Endowed in perpetuity by the Glenna Luschei Fund for Excellence

Women and the Global Imagination: Laudomia Bonanni and The Reprisal

by Fiona Sze-Lorrain

In our Winter 2014 issue Alicia Ostriker curated a poetry portfolio on Women and the Global Imagination, and we were so struck by its contents that we wanted to keep the dialog surronding this theme going on our blog. In her essay, Fiona Sze-Lorrain examines the work of Italian post-war woman writer Laudomia Bonanni. We hope you enjoy reading. If you like what you see, please become a subscriber to Prairie Schooner today. To take part in the dialog, follow and interact with us on Twitter.


Laudomia Bonanni and The Reprisal

One of my recent literary discoveries is the Italian post-war woman writer, Laudomia Bonanni (1907-2002).  I owe this to American poet-critic Susan Stewart and Italian scholar Sara Teardo’s vigilant translation of Bonanni’s posthumous novel, The Reprisal (The University of Chicago Press, 2013). 

Published by Textus as La rappresaglia in 2003, The Reprisal is a welcome introduction of Bonanni’s oeuvre in the Anglophone world.  This translation is a contribution made more important by the fact that La rappresaglia was Bonanni’s last manuscript — in 1985, she submitted it to her publisher, Bompiani, which requested further revisions, to which the staunch writer refused and in turn withdrew her work.  Although Bonanni died in voluntary seclusion, mostly forgotten by the Italian literary scene, she saw her heydays during the late forties and fifties.  Highly admired by writers and critics such as Eugenio Montale and Emilio Cecchi, she was a prolific journalist and had won many important literary prizes — including the prestigious Premio Viareggio and the Premio Selezione Campiello — for her novels and short stories.  Known for her literary strategies of neorealism and a bold economy of prose, Bonanni too, worked as a teacher and lay judge.

I have learned most of the above from the informative introduction by Stewart and Teardo who brought alive in English a stark yet lucid work of fiction — one that carries moral weight and pinpoints questions of violence and war still much relevant and unresolved in our times.  Set in the winter of 1943, the novel asks, “Since when do men get sick when they are making war?”  La Rossa, the partisan protagonist, is accused of treason by a clique of Fascist bandits and villagers who have recklessly “tried” her and “sentenced” her to death.  The plot becomes convulated when these Fascist supporters agree to spare La Rossa, then in her advanced pregnancy, but only until she gives birth to her child.  That the narrative hinges on the pivotal moments of her pregnancy and her child labor highlights the political sensitivity of woman/motherhood in such socio-historical context.  While La Rossa’s leftist ideals make up a convenient pretext to condamn her to death, it is her gender and pregnancy that defines life and death.  In fact, right from the outset, The Reprisal seeks a fiercely feminist read, even though at first glance, it seems — by tragic turns of irony — any chance of survival for the heroine is doomed because she must pay for her gender and political convictions:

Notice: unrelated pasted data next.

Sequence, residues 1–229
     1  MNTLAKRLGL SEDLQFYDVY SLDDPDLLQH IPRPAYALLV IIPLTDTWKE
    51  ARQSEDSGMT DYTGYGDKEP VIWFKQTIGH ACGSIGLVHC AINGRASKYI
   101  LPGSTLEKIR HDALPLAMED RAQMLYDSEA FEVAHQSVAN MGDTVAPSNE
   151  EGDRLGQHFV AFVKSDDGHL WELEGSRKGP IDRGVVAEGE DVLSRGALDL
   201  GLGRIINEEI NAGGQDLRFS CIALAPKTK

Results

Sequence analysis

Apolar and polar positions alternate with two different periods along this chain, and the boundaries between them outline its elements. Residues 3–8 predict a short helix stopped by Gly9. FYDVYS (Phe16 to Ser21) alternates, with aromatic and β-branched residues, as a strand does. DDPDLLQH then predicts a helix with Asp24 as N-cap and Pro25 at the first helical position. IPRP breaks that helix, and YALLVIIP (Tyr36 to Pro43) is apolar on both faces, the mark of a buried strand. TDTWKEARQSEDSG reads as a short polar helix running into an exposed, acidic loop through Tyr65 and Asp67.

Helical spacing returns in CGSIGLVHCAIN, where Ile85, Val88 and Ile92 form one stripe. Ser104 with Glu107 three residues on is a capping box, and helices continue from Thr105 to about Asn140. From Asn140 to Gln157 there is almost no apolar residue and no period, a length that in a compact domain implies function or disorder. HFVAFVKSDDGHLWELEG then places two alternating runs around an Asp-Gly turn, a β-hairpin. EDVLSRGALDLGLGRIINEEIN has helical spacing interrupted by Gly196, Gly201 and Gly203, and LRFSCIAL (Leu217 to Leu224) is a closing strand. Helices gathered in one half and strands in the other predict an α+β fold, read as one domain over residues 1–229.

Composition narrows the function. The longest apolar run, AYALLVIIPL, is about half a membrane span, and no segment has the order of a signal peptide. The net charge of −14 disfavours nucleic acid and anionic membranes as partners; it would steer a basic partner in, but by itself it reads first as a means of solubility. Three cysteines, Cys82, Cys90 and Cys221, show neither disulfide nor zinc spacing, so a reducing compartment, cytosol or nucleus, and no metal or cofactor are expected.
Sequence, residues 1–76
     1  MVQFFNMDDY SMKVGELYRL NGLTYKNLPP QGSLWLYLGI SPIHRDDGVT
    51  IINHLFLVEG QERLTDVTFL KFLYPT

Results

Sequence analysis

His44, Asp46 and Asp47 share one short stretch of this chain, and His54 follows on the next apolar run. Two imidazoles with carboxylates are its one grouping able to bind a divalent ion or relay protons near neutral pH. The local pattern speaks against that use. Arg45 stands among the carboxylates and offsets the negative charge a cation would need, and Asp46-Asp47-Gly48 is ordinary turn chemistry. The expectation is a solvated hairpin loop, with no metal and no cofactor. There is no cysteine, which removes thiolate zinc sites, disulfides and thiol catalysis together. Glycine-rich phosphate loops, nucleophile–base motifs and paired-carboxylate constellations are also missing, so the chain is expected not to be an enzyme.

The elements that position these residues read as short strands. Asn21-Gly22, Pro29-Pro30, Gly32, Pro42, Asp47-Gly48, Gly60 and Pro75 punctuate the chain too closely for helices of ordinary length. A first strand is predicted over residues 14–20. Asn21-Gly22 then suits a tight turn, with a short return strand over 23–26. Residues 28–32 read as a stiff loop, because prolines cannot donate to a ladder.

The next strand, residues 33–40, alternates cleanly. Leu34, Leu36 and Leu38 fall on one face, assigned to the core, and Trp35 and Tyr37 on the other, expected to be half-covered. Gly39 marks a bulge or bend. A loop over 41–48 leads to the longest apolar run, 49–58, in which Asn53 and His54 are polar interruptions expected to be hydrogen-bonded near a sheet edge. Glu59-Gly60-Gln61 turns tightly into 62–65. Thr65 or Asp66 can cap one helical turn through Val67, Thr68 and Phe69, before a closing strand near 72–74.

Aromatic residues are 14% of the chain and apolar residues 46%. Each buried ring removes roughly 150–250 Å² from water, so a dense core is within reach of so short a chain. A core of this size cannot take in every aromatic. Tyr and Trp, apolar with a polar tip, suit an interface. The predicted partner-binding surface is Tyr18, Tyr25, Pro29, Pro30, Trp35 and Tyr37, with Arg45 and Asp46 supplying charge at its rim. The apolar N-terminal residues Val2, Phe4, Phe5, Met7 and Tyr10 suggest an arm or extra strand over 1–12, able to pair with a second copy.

It is just a story like any other war story, and would be a lousy one at that if women and children
hadn’t been involved.  Women make for tragedy.  And children are the lamb.

The Reprisal is composed of ten chapters, each with numbered sections or paragraphs.  Such a structure renders a documentary feel to the fiction which borders on fragmentary or epistolary textures.  Even though this account is constructed from memory and firsthand experiences, it doubts its validity from time to time.  I am intrigued by the narrator “I” who stays omnipresent yet opaque throughout the story.  At different junctures, he discloses himself — his physical looks and family background, for instance —  but getting to know who he really is seems less straightforward.  As a witness, he is shielded from the violence: he refuses to carry a weapon, yet is held responsible for watching over La Rossa.  To what extent his silence or “cooperation” is considered a compliant act remains one of the moral ambiguities that provide the conduit for this story, “his” testimony.  He is the Chorus we find in a Greek tragedy.  And it is perhaps in him — the obscure “I” — that we detect autobiographical traces of the author’s presence:

I wanted to tell about life, passions and anxieties, war and blood.  I carried inside me the will of
a writer, one who observes everything and stores everything and broods over it all.  Not the
lukewarm tone of the Gospels.  Mine was the witness’s detachment.  As a spectator.  The writer
is a fearless spectator.  A psychological voyeur.  And that was my way of getting involved in life.

(…)

I will pass away, but may the papers outlast me.  I want to save them.  I will make a well-tied and
sealed bundle and leave precise instructions.  To be sent to…  To be handed to…  To be
published.  After death, one is accepted.  And maybe considered.


Fiona Sze-Lorrain is a poet, literary translator, and zheng harpist.  She lives in France and works as an editor.